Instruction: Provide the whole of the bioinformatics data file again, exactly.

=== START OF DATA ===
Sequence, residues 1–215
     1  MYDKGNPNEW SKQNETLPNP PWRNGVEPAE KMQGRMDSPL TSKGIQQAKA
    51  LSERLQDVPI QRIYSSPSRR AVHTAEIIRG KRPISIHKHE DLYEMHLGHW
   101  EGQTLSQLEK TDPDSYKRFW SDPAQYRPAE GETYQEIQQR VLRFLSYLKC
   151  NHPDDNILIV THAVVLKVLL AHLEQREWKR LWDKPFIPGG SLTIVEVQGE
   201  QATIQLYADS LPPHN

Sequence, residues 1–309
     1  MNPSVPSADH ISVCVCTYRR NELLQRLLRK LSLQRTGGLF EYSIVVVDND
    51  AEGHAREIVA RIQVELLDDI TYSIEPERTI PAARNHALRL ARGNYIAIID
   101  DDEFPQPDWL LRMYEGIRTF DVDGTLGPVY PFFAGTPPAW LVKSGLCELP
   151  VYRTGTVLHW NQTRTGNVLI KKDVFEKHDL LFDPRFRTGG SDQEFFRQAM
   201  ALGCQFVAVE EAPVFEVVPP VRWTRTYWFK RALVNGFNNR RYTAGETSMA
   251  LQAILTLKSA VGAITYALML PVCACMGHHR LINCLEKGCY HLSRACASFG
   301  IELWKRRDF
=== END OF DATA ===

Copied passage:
Sequence, residues 1–215
     1  MYDKGNPNEW SKQNETLPNP PWRNGVEPAE KMQGRMDSPL TSKGIQQAKA
    51  LSERLQDVPI QRIYSSPSRR AVHTAEIIRG KRPISIHKHE DLYEMHLGHW
   101  EGQTLSQLEK TDPDSYKRFW SDPAQYRPAE GETYQEIQQR VLRFLSYLKC
   151  NHPDDNILIV THAVVLKVLL AHLEQREWKR LWDKPFIPGG SLTIVEVQGE
   201  QATIQLYADS LPPHN

Sequence, residues 1–309
     1  MNPSVPSADH ISVCVCTYRR NELLQRLLRK LSLQRTGGLF EYSIVVVDND
    51  AEGHAREIVA RIQVELLDDI TYSIEPERTI PAARNHALRL ARGNYIAIID
   101  DDEFPQPDWL LRMYEGIRTF DVDGTLGPVY PFFAGTPPAW LVKSGLCELP
   151  VYRTGTVLHW NQTRTGNVLI KKDVFEKHDL LFDPRFRTGG SDQEFFRQAM
   201  ALGCQFVAVE EAPVFEVVPP VRWTRTYWFK RALVNGFNNR RYTAGETSMA
   251  LQAILTLKSA VGAITYALML PVCACMGHHR LINCLEKGCY HLSRACASFG
   301  IELWKRRDF